Find's Treasure Forums

Welcome to Find's Treasure Forums, Guests!

You are viewing this forums as a guest which limits you to read only status.

Only registered members may post stories, questions, classifieds, reply to other posts, contact other members using built in messaging and use many other features found on these forums.

Why not register and join us today? It's free! (We don't share your email addresses with anyone.) We keep email addresses of our users to protect them and others from bad people posting things they shouldn't.

Click here to register!

Need Support Help?

Cannot log in?, click here to have new password emailed to you

Changed email? Forgot to update your account with new email address? Need assistance with something else?, click here to go to Find's Support Form and fill out the form.

definition of "deep coins"???


Well-known member
I know it's different all over the country and world as far as the soil and conditions go. when I lived in WNY our soil was dark topsoil and sandy wasn't unusual to find Deep coins at 12"-14" and sometimes deeper. here in upstate SC the soil is red dirt and red clay, most older coins are between 4"-8" . maybe we should start a post of average coin depths for your location so those just starting out or visiting different areas can have a guide to what coil and sensitivity to use to gain depth.


Well-known member
That is a good idea…. I see a lot of posts by people that have found coins much deeper than what I experience.
In central Va., I have dug coins at 8-9” max., but most are in the 5-6” range or less.

still looking 52

Well-known member
My definition of a deep coin is anything deeper than 4".
Love to get those faint weak clear signals that don't move when I go to all metal, even if it turns out to be junk I still get excited.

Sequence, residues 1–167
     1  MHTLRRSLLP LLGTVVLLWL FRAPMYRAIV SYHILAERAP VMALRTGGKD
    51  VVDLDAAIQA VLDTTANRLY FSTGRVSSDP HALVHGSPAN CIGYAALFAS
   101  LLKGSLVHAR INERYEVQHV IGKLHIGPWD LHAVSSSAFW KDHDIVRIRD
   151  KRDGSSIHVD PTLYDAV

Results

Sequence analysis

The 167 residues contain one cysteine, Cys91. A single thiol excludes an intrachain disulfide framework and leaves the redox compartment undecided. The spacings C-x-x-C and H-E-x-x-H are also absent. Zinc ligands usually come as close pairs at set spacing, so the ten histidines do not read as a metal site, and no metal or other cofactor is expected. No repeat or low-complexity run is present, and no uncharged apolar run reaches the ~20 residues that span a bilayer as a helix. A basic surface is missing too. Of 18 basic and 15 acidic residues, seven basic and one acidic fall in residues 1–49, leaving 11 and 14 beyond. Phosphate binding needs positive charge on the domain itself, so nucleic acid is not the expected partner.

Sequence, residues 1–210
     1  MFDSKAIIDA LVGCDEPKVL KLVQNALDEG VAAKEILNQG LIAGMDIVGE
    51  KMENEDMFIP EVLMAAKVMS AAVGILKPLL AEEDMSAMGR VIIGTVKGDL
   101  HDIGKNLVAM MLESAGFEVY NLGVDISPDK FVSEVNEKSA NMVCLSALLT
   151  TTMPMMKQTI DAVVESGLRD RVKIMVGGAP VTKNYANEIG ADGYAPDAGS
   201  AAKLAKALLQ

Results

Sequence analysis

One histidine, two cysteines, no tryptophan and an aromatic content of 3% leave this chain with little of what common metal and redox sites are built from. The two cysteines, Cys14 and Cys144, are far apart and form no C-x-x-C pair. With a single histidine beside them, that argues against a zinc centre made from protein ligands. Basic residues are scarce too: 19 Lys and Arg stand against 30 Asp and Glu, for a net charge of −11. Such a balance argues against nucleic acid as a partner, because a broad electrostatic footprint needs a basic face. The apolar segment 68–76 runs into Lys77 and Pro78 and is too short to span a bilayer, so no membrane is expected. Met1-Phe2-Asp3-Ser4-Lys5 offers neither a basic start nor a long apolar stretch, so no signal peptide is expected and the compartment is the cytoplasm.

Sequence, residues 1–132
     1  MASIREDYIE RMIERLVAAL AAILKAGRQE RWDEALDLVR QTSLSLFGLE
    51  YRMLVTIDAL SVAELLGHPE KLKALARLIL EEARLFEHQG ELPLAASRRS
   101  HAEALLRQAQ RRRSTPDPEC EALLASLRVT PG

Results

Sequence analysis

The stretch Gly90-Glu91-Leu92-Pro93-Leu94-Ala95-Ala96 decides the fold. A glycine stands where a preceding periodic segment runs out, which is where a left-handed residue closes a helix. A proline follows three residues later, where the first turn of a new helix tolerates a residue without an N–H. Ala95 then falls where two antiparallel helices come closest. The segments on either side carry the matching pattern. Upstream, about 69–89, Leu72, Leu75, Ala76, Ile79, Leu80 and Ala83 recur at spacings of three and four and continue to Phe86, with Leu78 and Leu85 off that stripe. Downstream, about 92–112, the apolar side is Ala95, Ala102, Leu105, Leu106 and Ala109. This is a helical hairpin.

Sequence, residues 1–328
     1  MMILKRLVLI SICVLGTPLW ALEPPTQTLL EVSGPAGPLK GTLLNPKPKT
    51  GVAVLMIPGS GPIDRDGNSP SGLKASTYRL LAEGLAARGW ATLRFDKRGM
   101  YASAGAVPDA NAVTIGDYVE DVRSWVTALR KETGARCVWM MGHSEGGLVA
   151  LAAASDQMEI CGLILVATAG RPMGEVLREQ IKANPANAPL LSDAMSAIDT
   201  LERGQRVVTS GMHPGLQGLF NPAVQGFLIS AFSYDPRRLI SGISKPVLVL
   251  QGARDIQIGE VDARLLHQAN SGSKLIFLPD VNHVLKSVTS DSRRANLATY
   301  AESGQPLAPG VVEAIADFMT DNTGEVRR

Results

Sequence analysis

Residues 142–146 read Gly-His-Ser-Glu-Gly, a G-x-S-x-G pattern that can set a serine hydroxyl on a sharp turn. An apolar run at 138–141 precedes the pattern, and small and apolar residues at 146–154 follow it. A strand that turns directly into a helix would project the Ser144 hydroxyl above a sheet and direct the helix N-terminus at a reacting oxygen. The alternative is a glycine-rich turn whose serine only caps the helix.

Around here in WV a super deep coin is 9" and that's with the ground being damp, 8" with dry ground.


Well-known member
Looking at construction site literature it says surface is 2” and less, shallow is 8” to 2” and deep is 8” and beyond. I think deepest coin Ive dug is pretty close to 10” but the average ‘50s coins and older have been in that 5”-8” range. Those 1890s shot-shell case heads were 4”.
Interesting subject for sure……Most of our ground is fertile topsoil with various depths of clay levels so that probably controls depths as well.


Well-known member
hunting for large cents with the Sovereign gt with WOT coil 8”-10” large cents still usually give a good signal..occasionally a 12” deep one would ring out..deepest I’ve dug feold hunting was an estimated 14” deep.. it gave a good but very weak tone and I had to swing very slow was partially into the clay layer.. I did dig an Indian head penny once that I estimate to have been a foot deep and that was with the 10” coil…. This is in Pennsylvania soil..


Well-known member
That is a good idea…. I see a lot of posts by people that have found coins much deeper than what I experience.
In central Va., I have dug coins at 8-9” max., but most are in the 5-6” range or less.
🤔 I thought you were getting 15” in tot lots? 🤣🤣🤣🤣🤣🤣🤣


Well-known member
With my oll Explorer XS and 15" WOT coil.
On a fresh water beach
Dry sand for 12 inchs.
I dug a silver plated bottle opener
At maximum arm reach with a scoop.
At least 30 inchs.
Nice firm quiet signal before digging
Just started screaming at a foot
I truly thought I was digging another tire rim.
That would one wore me out.


Well-known member
Here in Oklahoma, 6-10 inch deep is the sweet spot …… I personally don’t want to dig deeper. I do mostly private permission old homes . Home owners look out and see me digging deeper than my elbow, I will surely be asked to leave. Just my two cents . Tony


Well-known member
I have found 90% of my older coins in the 8 inch range. Found a large cent from 14 inches once with an Explorer XS.


Well-known member
To say a deep coin it's all about your soil.
Culpeper, Virginia 5-6" is deep (red mineralized soil)
Central Florida 10-12" is deep (Loamy neutral soil)


Well-known member
A lot depends on the type of site I'm hunting.

Older Parks and similar locations that have a regularly mowed grass and a lot of leafy trees that lose those leaves to decay:
* Modern coin loss the past 40 years (aka Zinc Penny Era) surface to 4".
* Deeper coins are typically over 4" to about 7".
* Very deep coins are over an honest 7".

Mining, Ranching, Farming, RailRoad era and Military & Pioneer Encampment areas, Forts, etc., Homesteads from 1850's through the Depression Era to 1940:
* About 85% have been surface-viewable to 4, if that. Generally shallower.
* Occasionally over 4" to an honest 6" are typically what we consider to be a 'deep' coin'.

Most of the places I have hunted for over five decades do not have many deeper coins, and I have had detectors that would go that deep. It's been more site selection that has been in my favor.